Snake River Desolation

In June I was in Nampa, Idaho attending horse show with my wife. She shows Arabian horses, and the annual Region 4 Arabian Championships are held in Napa each June. Anyway, one day while we were there I decided to go exploring over by the Snake River to the south of Napa. There were supposed to be some ancient petroglyphs not too far from Napa down by the river in an area known as Map Rock.

The Snake River looking generally eastward from near the Map Rock area.

The Snake River is one of the larger rivers in North America, and definitely one of the larger rivers in the western portion of the United States. The river starts high in the mountain ranges of western Wyoming. It is the largest tributary of the Columbia River, which is the largest river in North America which flows into the Pacific Ocean. The Snake River flows across southern Idaho with much of the route over ancient volcanic flows.

Here is another shot of the Snake River looking southward toward the dry hills out of the river valley.

I’ve always been fascinated by the Snake River as it is an interesting anomaly in contrasts. Here is this beautiful, big blue river flowing through volcanic wastelands. As a side note here, those volcanic lava fields have slowly worn away in areas not far from the river, and have produced some very rich soils. Southwestern Idaho has several really good wineries as a result of this volcanic history.

This is Map Rock. I am not at all sure why it is called Map Rock. Perhaps these ancient lines were some sort of map. I really couldn’t find a much information about it.

Thank goodness I had GPS on my truck as it seemed like there were about a hundred turns to get down to the river valley by Map Rock. I was expecting to see big areas of petroglyphs, something like you would see down in southern Utah or Arizona. Alas, Map Rock is just a rock containing some petroglyphs. And the rock is literally sitting right next to the road across from the Snake River.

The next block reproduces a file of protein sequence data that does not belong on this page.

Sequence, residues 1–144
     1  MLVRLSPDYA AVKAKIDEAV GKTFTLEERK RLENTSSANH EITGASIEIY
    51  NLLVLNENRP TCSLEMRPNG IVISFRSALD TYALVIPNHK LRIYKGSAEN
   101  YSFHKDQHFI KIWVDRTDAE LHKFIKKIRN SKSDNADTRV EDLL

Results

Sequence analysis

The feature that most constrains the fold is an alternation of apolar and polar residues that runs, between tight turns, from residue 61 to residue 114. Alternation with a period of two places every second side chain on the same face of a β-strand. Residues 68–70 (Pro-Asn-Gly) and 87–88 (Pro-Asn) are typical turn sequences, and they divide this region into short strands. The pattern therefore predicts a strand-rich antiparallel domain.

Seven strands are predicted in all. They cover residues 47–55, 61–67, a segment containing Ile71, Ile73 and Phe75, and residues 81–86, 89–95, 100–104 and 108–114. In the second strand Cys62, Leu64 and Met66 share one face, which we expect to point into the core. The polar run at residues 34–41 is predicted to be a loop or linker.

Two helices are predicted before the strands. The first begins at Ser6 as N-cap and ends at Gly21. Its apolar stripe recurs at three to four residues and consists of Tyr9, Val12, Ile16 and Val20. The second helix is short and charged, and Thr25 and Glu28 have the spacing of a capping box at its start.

Here is a close-up of some ancient antelope or deer that you can see in the above photo near the bottom left.

So, I can say that Map Rock was a bit of a disappointment. However, there was a small trail, like a game trail, that went around the back of the rock and headed straight up towards the bluffs well above the road. The first part of the trail was really too steep to see if there was anything interesting up there, but I was here with nothing else to do. So up I went.

After a few hundred feet above the rock, the trail started a gradual switchback and eventually ended up on a high valley well above the road. The views up here were pretty astounding, so I was really happy that I had my camera.

This is the high valley above Map Rock, but still well below the higher bluffs above. The road to get to Map Rock from Nampa actually skirted along those bluffs above for a bit.

At one time this area was a nasty place to be – the middle of incredibly huge lava flows. According to the US Geological Survey, these lava flows were produced by the Yellowstone Hot Spot less than 1 million years ago. As the North American tectonic plate has moved northwest, the hot spot that is now directly under Yellowstone National Park produced these massive lava flows nearly all the way across southern Idaho. (A hot spot is a thin part of the earth’s crust with a magma dome underneath it.)

These black rocks are basalt from the massive Yellowstone hot spot flows that literally filled numerous valleys over the years. What is left behind today is a very interesting and hostile looking landscape. And on a hot day, these black basalt rocks, just add to the torment of the heat. Not far from here over in Ontario, Oregon (about 40 miles away), I have witnessed daytime summer temperatures as high as over 106°F, or 41°C!

Here is another view of this basalt covered valley. I was quite fascinated by that lone tree in this hostile land.
I really think that this monochrome image does more justice to the feeling of this terrain than the color photos.

Well, I hope you have enjoyed this little post about the Snake River, Map Rock and the southern Idaho lava flows. As always, I really appreciate you taking the time to visit my blog. Have fun out there!

3 thoughts on “Snake River Desolation

  1. Traveling really shows inquisitive minds so much about our Earth’s past and future history.

    For some reason the close up of map rock didn’t come up for me, but the others did fine?

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